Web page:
Jean "Scout" Finch

468 Words2 Pages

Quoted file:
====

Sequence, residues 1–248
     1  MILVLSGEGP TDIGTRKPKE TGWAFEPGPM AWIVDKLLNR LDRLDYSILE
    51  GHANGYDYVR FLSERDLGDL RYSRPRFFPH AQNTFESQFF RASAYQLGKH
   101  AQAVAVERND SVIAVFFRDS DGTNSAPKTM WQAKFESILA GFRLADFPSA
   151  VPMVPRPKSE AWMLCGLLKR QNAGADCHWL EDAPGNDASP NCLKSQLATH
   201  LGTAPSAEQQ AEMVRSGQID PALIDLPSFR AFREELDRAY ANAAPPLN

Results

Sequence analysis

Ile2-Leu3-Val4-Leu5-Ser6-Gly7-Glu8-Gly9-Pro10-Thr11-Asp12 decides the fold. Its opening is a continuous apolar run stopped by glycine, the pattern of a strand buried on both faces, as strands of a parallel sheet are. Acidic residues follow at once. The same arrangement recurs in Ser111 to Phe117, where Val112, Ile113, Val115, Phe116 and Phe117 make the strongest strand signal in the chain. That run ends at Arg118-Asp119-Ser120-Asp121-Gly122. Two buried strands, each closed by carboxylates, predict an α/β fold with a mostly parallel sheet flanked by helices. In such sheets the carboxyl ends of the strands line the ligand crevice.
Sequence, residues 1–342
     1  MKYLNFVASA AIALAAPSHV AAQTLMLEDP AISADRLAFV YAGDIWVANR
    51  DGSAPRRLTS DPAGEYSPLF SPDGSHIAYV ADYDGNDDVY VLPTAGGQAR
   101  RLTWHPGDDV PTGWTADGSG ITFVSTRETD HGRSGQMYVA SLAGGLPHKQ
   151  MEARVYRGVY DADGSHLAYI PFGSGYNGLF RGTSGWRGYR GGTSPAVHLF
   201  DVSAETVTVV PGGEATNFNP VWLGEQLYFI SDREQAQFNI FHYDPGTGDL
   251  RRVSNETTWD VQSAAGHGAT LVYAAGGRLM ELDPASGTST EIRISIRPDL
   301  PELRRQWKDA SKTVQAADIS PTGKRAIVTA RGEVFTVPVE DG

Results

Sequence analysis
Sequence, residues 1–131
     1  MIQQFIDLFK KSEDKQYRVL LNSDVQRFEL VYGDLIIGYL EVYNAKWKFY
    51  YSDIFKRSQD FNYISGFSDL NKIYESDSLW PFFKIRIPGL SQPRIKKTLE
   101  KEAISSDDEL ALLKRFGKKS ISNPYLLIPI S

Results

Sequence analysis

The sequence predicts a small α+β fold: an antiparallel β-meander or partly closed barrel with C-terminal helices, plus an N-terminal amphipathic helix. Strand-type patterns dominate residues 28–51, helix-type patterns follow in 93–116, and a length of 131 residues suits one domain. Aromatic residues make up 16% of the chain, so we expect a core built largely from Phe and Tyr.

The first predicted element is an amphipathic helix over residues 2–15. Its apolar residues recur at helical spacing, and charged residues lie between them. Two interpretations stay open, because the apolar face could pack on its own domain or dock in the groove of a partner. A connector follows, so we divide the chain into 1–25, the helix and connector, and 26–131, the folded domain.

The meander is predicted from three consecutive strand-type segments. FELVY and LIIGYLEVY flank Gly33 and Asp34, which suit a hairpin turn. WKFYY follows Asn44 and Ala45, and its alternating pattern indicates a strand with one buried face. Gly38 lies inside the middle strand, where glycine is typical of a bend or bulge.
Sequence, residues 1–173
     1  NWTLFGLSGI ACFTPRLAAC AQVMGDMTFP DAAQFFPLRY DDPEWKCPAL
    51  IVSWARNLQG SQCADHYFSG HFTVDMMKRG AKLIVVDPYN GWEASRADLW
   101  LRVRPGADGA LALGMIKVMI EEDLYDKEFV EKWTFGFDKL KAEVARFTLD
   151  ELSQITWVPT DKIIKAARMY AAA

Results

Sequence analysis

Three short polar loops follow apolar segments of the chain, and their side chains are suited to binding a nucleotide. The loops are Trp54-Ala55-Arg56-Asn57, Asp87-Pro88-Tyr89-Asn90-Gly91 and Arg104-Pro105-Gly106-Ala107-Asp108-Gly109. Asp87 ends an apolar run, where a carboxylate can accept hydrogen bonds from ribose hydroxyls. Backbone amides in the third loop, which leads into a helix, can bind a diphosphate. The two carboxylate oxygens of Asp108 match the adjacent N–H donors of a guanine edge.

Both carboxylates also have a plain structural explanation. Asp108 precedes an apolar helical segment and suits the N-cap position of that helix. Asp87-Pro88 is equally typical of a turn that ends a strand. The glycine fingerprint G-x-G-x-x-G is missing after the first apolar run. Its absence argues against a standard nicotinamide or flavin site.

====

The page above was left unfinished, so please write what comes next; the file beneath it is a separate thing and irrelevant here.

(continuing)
Jean Louise “Scout” Finch is the narrator and hero of the story. Scout lives with her father, Atticus, her brother, Jem, and their black cook, Calpurnia, in Maycomb, Alabama. She is intelligent and a tomboy. Scout has an aggressive streak and a basic faith in the goodness of the people in her community. As the novel progresses, this faith is tested by the hatred and prejudice that emerge during Tom Robinson’s trial. Scout eventually learns that in order to know who people are you have to put yourself in their shoes, don’t kill mockingbirds, and the importance of moral teaching. During the novel Scout learns that in order to know who people really are you have to put yourself in their shoes. The lesson means that people may not be who they really appear to be. For example in the novel Author Radley is thought of as an evil man that eats rats and even children. Soon to find out that Radley is not evil but he is a nice guy. He is appeared as a bad guy because of hid cruel father that drastically scared him for life. During the novel Boo Radley leaves Scout, Jem and their friend Dill presents in a tree. Then later on he saves the kids’ when they about to be stabbed to death by a mad man plotting revenge against their father. But, despite all the nice and heroic things Boo Radley does, Scout doesn’t realize how good he is until she steps on the Radley’s porch to imagine all the events of the past in the eyes of Author “Boo” Radley. Another lesson Scout learns is not to kill mockingbirds. This lesson has two meanings. The first one is that mockingbirds don’t eat your plants or harm anything. This was the reason why the children were allowed to shoot any other bird except mockingbirds, when their father gave them guns. The other meaning is that you should try to shoot down anyone who is weak or helpless. To kill a mockingbird in this sense means to take advantage of
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